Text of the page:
New evidence in Fontaine case?
New evidence clears accused Fontaine killer, defense says
Claims Benito Flores was wrongly targeted
Tuesday, September 3, 2013
By Jane Singletary
OXFORD - New evidence uncovered in the murder of prominent real-estate developer Philip Fontaine proves innocent the man facing an Oct. 1 trial in connection with his death, said the suspect's attorney in a press conference Tuesday morning.
Pamela Lipscomb said her team discovered a trove of previously undetected evidence that clears Benito Flores of the crime and instead implicates one of the original suspects in the case.
"This is a significant development in the case that clearly proves Mr. Flores had nothing to do with the unfortunate death of Mr. Fontaine," said Lipscomb as she stood on the steps of the Yoknapatawpha County Courthouse.
Lipscomb declined to reveal details about the evidence or name the other suspect, saying the information first needed to be shared with the prosecution.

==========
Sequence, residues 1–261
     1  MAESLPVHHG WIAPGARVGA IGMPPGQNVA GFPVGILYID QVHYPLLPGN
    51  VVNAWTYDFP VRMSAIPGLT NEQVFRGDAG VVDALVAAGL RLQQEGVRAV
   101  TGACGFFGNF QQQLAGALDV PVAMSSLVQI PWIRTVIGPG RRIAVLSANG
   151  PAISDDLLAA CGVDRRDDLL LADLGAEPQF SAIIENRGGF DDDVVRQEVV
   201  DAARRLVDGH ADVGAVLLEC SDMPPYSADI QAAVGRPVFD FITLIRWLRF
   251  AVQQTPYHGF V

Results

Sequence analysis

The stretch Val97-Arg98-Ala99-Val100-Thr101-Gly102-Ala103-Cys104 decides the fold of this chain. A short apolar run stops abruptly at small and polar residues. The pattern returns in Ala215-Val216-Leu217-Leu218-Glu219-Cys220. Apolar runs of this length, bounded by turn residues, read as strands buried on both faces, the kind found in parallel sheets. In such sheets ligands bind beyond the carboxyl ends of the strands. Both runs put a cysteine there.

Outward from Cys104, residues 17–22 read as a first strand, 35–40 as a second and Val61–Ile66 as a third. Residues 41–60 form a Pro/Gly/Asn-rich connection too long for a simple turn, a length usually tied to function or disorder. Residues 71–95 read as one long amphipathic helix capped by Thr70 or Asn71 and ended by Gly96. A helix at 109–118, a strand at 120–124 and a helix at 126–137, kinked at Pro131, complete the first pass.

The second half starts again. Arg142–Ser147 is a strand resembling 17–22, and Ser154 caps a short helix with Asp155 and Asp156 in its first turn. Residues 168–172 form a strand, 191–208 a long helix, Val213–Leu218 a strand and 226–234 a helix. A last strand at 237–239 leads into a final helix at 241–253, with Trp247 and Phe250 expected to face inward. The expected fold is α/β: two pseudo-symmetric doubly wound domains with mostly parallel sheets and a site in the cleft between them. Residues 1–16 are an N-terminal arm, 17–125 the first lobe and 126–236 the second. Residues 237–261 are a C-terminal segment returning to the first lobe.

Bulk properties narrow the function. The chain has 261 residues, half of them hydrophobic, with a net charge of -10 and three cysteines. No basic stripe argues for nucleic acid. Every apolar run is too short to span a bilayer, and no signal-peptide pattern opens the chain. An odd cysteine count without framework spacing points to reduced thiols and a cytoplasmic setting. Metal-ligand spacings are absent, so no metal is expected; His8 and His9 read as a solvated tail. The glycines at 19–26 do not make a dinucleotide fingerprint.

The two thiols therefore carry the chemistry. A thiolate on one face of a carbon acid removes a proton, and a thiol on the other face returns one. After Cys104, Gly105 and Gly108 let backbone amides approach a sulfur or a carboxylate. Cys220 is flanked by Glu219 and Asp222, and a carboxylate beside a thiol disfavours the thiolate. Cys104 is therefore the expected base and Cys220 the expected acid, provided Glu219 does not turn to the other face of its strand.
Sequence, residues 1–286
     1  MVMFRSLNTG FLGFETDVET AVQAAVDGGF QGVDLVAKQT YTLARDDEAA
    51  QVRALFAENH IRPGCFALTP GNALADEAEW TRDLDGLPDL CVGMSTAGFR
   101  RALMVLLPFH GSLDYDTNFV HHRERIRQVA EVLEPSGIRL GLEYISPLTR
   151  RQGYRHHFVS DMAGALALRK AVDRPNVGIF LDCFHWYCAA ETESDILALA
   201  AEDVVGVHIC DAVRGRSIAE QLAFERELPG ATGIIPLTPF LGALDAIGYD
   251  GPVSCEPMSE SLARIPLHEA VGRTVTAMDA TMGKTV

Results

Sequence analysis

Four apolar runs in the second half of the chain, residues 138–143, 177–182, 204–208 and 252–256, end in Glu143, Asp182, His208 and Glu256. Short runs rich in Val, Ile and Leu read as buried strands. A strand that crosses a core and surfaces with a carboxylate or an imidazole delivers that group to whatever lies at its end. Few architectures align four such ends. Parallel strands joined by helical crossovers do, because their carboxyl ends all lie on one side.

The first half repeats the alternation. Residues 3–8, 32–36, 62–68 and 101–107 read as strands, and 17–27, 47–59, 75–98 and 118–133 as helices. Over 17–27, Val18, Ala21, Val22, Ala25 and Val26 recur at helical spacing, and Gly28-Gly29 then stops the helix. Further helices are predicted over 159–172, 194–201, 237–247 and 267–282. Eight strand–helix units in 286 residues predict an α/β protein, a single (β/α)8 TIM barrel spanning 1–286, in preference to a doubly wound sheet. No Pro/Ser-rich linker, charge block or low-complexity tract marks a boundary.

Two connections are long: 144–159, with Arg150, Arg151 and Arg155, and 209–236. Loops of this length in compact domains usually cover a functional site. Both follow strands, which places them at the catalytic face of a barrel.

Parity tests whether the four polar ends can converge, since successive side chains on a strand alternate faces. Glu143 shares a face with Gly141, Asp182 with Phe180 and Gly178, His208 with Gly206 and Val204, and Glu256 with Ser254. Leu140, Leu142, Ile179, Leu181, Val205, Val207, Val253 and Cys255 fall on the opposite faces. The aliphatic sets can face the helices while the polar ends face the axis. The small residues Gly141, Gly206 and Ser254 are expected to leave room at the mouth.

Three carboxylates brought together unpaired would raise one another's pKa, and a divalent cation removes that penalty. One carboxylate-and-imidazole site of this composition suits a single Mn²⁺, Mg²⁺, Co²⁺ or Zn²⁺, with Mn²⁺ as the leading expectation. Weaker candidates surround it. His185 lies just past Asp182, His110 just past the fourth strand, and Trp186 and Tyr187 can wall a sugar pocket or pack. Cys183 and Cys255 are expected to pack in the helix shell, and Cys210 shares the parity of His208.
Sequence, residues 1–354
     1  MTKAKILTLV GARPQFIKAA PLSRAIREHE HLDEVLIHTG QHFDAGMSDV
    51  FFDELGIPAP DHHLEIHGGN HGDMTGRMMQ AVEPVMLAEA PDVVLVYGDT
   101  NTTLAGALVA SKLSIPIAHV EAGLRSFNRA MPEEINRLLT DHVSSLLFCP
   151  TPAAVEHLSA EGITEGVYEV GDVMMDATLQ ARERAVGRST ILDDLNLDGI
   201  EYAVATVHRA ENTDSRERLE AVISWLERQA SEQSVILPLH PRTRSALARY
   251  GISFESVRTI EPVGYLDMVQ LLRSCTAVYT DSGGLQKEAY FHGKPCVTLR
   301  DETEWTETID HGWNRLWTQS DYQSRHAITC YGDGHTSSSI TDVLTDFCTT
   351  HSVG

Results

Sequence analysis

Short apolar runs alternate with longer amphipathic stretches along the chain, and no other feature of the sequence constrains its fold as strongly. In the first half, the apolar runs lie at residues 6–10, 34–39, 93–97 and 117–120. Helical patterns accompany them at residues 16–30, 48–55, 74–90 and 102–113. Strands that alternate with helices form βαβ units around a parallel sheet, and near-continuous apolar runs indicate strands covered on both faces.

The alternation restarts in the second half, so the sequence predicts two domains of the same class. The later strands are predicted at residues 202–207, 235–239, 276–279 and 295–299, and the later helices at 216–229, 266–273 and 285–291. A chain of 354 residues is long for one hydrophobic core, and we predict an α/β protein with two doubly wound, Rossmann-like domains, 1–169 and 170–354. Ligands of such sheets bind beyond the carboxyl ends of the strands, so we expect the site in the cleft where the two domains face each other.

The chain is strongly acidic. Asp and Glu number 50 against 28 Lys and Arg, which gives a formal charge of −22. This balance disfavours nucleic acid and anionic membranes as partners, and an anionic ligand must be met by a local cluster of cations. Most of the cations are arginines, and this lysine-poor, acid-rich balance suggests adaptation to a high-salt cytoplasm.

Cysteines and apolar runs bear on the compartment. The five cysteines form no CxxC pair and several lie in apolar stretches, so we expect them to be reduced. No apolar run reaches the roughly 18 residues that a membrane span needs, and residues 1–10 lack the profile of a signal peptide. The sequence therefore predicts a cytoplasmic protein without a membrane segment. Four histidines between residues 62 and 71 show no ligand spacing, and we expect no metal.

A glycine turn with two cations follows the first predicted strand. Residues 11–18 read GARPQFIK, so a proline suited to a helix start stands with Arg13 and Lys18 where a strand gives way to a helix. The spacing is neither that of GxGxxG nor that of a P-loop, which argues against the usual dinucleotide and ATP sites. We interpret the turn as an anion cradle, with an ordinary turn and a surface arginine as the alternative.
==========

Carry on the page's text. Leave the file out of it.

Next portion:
Calvin Dollarhide, who is the lead prosecutor in the case, was not at the press conference. When reached later at his office, he said he knows nothing about the new evidence but dismissed it as a likely ploy to sway potential jurors.
"Whatever it is that Ms. Lipscomb thinks she has, I can assure you that it will not change the facts in this case," Dollarhide said. "Mr. Flores is clearly guilty, and his attorney is just grandstanding."
The case dates back to Jan. 14, 2012, when Fontaine's wife found her husband dead in the couple's home from several stab wounds.
After an extensive investigation with several potential suspects, Yoknapatawpha County Sheriff's detectives charged Flores with the murder on March 6. He was later indicted by the grand jury.
Flores, a 37-year-old day laborer, previously worked for Fontaine and was living with the victim's housekeeper at the time of the murder. He has always maintained his innocence.
Lipscomb said her client was an easy target because he's an out-of-towner with Hispanic origins and alleged detectives fingered him to cover up a shoddy investigation.
Flores had moved to Oxford only months before the murder from Texas, where he was born and raised.
Yoknapatawpha County Sheriff spokeswoman Elizabeth Jones denied Lipscomb's charges, saying the department's team built a solid case against Flores that would be proven in court.
Jury selection begins Oct. 1.